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Posts by hajile

That's a tricky question. 3.x is the future, but *everything* uses 2.7 at the moment (and that probably won't change any time soon with support for 2.7 being extended to 2020 and some companies needing to support it until almost 2030). If you learn 3.x (which I encourage), you still need to learn the differences between the two.Consider this book to start with (the book is available online for free)http://www.greenteapress.com/thinkpython/It doesn't cover as the hard way...
As simple polyalphabetic cyphers (such as Vigenere's Cypher) were being cracked, a new set of cyphers called fractationating cyphers were being played with. These cyphers (developed in the 1800s by Prof. Pliny Earl Chase) were based in the ideas of Polybius's Checkerboard, but with a twist to make them polyalphabetic. We will first look at a simpler version (Felix Delastelle's Bifid cypher) for our medium challenge. Later, we will look at ADFGVX which became probably the...
I've got a couple interesting cyphers that aren't too complicated.First up is Polybius's Checkerboard (named after the Greek historian). It is a monoalphabetic cypher that uses a table to find the answer. Unfortunately, this monoalphabetic cyphers are trivial to decode (the cypher puzzle in your local newspaper is based on this). This vulnerability lead to the creation of the first pseudo-polyalphabetic cyphers. [[SPOILER]] In 1553, Giovan Battista Bellaso created a...
The real challenge is for someone to use all the individual words here to piece together the original without decoding. I was a little disappointed you didn't use ROT13.Here's the easy challenge as a one-liner using scheme.word 25 = "Orbiting" [[SPOILER]] Easy in Javascript using a recursive function [[SPOILER]] Medium challenge in scheme (also a one-liner).word 25 = "the" [[SPOILER]] Hard Challenge in Scheme recursively and a long one-linerword 25 = "people" [[SPOILER]]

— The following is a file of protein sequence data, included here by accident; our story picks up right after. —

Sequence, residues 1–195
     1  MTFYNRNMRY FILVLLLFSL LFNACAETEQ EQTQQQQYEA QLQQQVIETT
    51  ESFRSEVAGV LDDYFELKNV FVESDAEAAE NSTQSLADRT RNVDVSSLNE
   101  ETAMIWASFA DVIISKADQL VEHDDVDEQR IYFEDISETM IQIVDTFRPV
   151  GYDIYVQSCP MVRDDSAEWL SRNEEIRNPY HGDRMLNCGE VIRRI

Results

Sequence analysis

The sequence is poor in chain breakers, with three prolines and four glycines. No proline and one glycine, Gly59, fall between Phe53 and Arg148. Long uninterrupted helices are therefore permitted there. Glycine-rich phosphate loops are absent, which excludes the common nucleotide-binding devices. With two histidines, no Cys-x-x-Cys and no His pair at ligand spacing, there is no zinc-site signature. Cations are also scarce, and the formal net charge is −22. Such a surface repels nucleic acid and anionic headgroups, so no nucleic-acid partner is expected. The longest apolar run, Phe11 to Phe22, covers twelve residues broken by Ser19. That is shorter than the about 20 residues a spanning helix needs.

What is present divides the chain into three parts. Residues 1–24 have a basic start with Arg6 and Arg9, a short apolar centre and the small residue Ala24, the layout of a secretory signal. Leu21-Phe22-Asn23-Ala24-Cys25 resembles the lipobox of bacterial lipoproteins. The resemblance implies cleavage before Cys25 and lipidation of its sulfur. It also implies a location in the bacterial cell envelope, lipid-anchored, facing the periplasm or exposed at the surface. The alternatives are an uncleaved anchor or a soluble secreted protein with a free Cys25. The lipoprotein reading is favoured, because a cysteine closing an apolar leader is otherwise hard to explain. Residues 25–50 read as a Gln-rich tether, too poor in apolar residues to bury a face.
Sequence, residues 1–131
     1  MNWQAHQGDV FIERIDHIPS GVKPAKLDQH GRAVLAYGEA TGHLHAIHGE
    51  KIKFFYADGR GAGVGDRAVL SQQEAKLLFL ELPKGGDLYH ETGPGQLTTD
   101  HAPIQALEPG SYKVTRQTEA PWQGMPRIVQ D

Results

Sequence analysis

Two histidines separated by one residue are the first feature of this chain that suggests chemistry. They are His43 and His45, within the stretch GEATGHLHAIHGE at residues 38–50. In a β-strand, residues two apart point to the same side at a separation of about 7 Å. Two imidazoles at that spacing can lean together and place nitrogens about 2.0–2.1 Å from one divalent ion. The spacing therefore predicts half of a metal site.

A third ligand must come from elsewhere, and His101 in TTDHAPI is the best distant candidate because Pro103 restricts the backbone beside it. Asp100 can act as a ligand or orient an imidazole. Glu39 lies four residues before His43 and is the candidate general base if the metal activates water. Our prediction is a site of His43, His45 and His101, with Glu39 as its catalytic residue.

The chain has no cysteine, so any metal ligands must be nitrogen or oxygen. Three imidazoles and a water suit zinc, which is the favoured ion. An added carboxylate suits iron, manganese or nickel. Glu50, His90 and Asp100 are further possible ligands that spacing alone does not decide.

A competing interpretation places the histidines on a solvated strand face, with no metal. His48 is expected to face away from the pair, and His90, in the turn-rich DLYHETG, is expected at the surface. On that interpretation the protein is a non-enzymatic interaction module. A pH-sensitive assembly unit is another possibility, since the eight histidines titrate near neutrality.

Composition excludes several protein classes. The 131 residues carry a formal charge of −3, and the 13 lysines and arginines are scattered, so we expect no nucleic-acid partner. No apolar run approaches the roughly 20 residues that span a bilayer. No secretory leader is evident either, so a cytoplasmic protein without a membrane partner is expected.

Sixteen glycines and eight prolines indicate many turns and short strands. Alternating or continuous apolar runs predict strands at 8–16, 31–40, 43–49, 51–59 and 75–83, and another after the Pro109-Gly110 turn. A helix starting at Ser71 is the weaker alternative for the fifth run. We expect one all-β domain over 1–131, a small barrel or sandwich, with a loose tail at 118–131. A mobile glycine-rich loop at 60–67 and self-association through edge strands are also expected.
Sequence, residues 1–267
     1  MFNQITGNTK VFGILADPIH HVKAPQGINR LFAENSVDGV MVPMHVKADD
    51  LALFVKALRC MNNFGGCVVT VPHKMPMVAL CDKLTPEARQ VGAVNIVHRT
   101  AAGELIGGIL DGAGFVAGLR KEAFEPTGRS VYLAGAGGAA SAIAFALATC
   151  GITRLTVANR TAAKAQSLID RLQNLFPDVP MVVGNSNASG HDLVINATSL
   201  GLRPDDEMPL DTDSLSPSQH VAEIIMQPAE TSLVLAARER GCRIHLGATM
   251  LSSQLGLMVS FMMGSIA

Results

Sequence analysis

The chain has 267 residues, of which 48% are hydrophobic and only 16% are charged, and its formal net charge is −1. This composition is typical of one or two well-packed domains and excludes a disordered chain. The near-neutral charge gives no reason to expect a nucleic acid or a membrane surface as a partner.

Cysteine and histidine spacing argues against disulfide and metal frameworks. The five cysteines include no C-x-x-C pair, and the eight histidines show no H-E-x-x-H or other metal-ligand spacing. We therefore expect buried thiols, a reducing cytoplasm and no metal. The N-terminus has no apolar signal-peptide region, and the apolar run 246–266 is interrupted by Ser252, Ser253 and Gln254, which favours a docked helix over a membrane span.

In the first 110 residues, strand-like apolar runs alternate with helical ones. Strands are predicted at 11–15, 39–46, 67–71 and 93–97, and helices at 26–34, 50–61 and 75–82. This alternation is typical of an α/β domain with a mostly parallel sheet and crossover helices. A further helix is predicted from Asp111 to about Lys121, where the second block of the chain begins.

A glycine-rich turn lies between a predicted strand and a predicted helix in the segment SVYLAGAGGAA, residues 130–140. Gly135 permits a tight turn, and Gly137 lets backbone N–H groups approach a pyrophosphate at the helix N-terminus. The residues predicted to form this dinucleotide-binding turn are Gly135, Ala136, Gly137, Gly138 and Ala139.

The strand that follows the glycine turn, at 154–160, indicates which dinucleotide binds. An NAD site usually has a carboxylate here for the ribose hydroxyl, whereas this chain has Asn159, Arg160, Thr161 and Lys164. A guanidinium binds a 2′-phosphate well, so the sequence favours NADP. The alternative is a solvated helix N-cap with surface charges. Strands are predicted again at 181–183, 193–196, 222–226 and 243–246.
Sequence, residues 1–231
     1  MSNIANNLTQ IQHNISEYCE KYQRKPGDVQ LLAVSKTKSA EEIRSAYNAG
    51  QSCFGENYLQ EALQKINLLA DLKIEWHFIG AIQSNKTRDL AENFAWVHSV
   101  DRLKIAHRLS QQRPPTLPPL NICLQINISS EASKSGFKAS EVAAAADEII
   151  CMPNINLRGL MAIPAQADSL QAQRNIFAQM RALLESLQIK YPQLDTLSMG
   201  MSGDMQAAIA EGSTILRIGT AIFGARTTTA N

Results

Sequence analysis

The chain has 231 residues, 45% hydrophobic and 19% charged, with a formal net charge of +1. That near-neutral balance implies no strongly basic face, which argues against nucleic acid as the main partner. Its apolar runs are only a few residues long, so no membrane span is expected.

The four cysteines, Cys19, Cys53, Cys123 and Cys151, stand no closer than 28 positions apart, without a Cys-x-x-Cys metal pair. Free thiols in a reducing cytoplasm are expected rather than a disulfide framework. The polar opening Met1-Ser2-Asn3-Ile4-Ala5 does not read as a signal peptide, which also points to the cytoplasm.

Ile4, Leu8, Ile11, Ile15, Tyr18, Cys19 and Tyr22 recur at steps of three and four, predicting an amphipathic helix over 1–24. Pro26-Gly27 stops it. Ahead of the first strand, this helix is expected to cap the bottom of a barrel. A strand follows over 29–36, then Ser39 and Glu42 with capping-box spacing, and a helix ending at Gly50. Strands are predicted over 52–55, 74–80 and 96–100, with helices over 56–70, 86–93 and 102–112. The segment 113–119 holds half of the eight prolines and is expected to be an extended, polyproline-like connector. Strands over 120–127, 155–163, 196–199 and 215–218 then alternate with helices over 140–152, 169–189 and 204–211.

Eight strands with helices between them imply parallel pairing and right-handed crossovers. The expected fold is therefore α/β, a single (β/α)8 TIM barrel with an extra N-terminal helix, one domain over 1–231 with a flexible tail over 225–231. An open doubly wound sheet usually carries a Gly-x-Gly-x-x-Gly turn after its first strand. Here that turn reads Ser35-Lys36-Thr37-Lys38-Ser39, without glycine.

Your code leaves the '\n' on the stdin stream instead of consuming it when you ask yes/no. As a result, both your string reads immediately encounter it and move on. Change it to Code: scanf(" %c%*c",&c); Also, try inputting a 1000+ char string and see what happens. You will overrun your array bounds. Code: //we use 999 because the last char of the array must be '\0' scanf(" %999[^\n]%*c", str); //consider using fgets. Note that it automatically subtracts one for...
Matrix multiplication isCode:R(x) = [ [cos(x) -sin(x)] [sin(x) cos(x)] ]multiply that by a vector [ [a] [b] ] to get the rotated vectorHere's some info on vector multiplication:https://en.wikipedia.org/wiki/Matrix_multiplication#Examples_of_matrix_productsTo read more about this more generally:https://en.wikipedia.org/wiki/Rotation_matrixIf you're doing this a lot, consider sylvesterJShttp://sylvester.jcoglan.com/If you do this a lot, you could also consider taking...
I'm a week or so into my experimental change from qwerty to colmak. I'm up to about 30-35WPM, but some accuracy isn't there. I'm at that awkward state where I still need to use qwerty for programming (about 85WPM), but my brain is now somewhere between both of them. I think this is a little harder than when I learned to type the first time. How long was it for the rest of you before you could separate the two out?
Your 4x500MHz is probably faster because of context switching. The OS is going to be constantly interrupting at least one core to perform system tasks. These interrupts also make performance less deterministic. This is why the current generation of consoles dedicate some cores for system use only and the idea behind Nvidia's 5th core model (where the majority of interrupts are handled by this other core).Another issue with the power theoretics being discussed here is...
I wonder if the architecture is based in P.A. Semi’s PA6T-1682M from '05 (a POWER design). It seems to share a several architectural features and was an amazing example of design. It would also explain how a 3rd party designer could beat ARM by almost 2 years (with Apple having designed ARM64 being the other answer).
Read the ReportLike always with RWT, it is the most detailed technical review available. If you like to go deep, this is the article for you.
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